Published on May 6, 2015


Some words are rarely used in the plural since to do so denies their meaning. Focus is one: how can you have two focuses?Nevertheless I had 3 things to focus on last week and the lesson from each of them was that focus pays off.

At Madrinha, over the last 3 years we have helped 50 students in 15 countries with varying degrees of success. This was phase one of our development: try it and see what works. We now understand the need for electronic communication, the minimum age of mentees and the need to work with charities that “get” our aims and can identify the best students. But how to get the best return for, what are always, limited resources? We noted the difficulty of understanding the education and culture in so many countries and agreed to limit the number of countries in which we work to 9. A difficult decision but one which we believe is a good one: by focussing on a smaller area we will become good at guiding students to university, into their first jobs and maybe beyond that, so that they are role models for their communities who inspire others. By being present in a few countries we are more able to demonstrate the successes we have since the concentration of people allows us to, er, focus.

I met with our partner Smart Currency to explore ways of spreading our messages and we also agreed on more focus. For while FD Solutions has been successful in improving cashflow for businesses, the primary focus of an FD; and Smart Currency has been successful in making cost-effective, safe and easy foreign currency transactions for companies, not all business sectors are the same. So we agreed to demonstrate our depth of expertise by sharing our sector specific insights with the relevant clients, culminating in an event for them to learn even more.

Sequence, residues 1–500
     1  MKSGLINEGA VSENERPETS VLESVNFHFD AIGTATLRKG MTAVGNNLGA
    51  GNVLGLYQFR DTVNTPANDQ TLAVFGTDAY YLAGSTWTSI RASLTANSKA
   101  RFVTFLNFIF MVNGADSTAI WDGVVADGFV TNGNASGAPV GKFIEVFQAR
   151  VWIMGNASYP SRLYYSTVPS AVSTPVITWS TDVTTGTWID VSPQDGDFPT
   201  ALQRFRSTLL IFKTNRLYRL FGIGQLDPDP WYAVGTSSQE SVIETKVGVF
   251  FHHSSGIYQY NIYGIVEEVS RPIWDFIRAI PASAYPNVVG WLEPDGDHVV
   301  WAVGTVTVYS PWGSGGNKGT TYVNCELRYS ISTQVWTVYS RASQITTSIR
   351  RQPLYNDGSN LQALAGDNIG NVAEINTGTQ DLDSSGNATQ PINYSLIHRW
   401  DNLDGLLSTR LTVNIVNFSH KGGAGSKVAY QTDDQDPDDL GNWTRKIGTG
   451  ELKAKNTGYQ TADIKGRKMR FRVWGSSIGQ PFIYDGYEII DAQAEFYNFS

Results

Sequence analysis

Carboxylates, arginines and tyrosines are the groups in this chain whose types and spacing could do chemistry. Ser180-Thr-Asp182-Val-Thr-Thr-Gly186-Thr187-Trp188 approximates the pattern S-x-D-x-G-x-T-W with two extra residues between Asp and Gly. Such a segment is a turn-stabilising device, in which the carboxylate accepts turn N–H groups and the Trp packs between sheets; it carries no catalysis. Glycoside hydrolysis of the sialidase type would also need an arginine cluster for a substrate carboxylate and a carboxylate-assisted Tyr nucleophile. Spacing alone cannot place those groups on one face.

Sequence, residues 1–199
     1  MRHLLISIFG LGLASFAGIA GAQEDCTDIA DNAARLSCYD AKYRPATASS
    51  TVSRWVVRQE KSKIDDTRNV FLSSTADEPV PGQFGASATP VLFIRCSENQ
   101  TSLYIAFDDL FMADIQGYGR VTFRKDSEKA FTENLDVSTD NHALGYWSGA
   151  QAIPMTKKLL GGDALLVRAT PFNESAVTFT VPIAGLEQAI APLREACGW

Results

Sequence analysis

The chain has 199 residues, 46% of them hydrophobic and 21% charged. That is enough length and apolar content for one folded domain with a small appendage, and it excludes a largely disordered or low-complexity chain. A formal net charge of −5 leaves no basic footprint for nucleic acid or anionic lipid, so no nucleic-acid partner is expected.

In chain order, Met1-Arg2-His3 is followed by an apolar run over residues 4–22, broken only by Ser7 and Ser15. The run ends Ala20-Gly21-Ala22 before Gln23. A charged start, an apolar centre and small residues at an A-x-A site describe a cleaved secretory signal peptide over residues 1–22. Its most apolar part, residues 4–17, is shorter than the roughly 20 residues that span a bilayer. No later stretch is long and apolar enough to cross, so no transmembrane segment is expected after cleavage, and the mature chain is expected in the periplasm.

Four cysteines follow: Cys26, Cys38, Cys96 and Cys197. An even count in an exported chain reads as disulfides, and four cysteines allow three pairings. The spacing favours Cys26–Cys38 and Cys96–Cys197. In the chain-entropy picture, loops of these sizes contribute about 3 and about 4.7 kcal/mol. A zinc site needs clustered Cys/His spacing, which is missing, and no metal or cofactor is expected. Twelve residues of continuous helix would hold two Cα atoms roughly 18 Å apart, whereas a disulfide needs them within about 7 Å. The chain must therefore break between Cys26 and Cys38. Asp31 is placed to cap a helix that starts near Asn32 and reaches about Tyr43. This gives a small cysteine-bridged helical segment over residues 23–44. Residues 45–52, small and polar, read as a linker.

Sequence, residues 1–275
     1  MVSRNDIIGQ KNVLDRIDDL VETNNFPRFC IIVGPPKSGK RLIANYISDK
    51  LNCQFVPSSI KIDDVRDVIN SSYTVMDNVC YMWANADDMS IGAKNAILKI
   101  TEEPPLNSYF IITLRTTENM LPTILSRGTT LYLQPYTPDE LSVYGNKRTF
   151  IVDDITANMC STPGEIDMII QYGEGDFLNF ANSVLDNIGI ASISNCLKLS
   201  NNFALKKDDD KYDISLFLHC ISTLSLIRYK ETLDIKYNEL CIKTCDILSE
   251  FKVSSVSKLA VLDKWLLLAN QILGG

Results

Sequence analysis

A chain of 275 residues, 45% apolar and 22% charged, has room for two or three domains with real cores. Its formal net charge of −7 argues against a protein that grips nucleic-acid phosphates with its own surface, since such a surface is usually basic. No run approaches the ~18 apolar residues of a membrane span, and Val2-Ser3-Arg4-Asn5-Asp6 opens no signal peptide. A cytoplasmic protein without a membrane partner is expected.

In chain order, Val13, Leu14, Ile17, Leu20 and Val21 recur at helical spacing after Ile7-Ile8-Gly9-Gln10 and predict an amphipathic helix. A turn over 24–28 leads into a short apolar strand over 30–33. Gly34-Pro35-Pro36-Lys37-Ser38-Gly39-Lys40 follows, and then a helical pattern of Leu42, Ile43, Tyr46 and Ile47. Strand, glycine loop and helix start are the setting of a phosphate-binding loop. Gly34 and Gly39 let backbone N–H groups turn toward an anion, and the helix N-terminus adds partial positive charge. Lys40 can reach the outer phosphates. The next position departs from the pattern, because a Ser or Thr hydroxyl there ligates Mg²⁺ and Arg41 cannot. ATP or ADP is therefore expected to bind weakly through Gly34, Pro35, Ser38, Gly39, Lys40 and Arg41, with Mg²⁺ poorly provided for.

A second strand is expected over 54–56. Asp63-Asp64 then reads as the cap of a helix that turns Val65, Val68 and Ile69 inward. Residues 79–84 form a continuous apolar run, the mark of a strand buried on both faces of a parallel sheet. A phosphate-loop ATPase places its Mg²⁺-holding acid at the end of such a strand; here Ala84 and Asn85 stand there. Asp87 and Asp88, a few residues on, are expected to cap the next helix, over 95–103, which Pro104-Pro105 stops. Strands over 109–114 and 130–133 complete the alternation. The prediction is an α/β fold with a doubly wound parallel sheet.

In a different context I saw the benefit of joint focus on one aim when my choir, Some Voices, performed on Friday evening. At some stages I was so focussed on the conductor that I lost the ability to dance clap and generally shimmy as required, but the effect of listening to each other and singing in concert was spine-tingling. The audience (who may have been friends and relatives of the 250 aforementioned choristers) seemed to agree.

Almost always, focus attracts more support rather than reducing it.

So why don’t the political parties act this way? The most damning moment last week was seeing most of the audience of the Last Leg stick their hands up when Adam Hills asked “who isn’t impressed by the messages of any party?”. It seems that we are meant to deduce their messages. My deductions show a split between “enable wealth creation, optimise tax, and provide welfare to the deserving” and “control wealth, maximise taxes and look after everyone’s need”. Even though these statements are rather general, there are plenty of focussed messages that can hang off them. But I suspect that there’s evidence for the opposite view in each manifesto. It’s got to the stage where we need guides such as this tool to help us find out.

I leave it to you to deduce who I shall vote for. But be careful, not all deductions are true. A relative of mine when young, was anxious that we care for her “bru”; only the one you’ll note because if there were two that would be “two bruise”